In addition, the '70s brought a period of disillusionment, as the Vietnam War dragged on and the nation reeled from rapid, often violent societal change. It's no wonder that artists coming of age in the era turned the '60s mantra "Question Authority" into a practice of questioning everything.
Like every generation, this one responded to, reflected and pushed back against the world around it — including the art world. New York's Metropolitan Museum of Art, in a 2009 exhibit titled "The Pictures Generation, 1974-1984," put it like this:
Educated in the self-reflexive and critical principles of Minimal and Conceptual art, this tightly knit group of artists brought those lessons to bear on a return to recognizable imagery, exploring how images shape our perceptions of ourselves and the world.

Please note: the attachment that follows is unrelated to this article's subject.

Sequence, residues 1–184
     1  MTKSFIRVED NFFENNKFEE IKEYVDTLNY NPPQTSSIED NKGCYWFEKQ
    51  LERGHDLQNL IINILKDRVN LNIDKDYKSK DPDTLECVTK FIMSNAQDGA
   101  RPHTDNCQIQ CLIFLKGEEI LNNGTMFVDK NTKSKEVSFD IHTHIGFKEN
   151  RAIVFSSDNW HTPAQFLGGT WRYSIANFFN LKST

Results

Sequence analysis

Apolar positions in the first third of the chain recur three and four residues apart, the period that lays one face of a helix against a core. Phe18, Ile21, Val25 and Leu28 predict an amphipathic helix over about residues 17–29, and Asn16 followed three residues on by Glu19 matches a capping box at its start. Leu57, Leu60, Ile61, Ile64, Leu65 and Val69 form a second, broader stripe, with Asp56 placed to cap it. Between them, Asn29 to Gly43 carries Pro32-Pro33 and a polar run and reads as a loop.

The Met's exhibit, larger than the current one in Burlington, included work by all of those exhibited at BCA: Dwyer and Sherman, Robert Longo, Dara Birnbaum, James Casabere, Laurie Simmons, Louise Lawler, Allan McCollum, Jack Goldstein, Sarah Charlesworth and Gretchen Bender. The last three are now deceased; the rest are still working artists, and all except Dwyer live in New York. In addition to photography, the works in Burlington include film, video, sculpture, lithographs, wallpaper and more.
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"Mark" by Robert Longo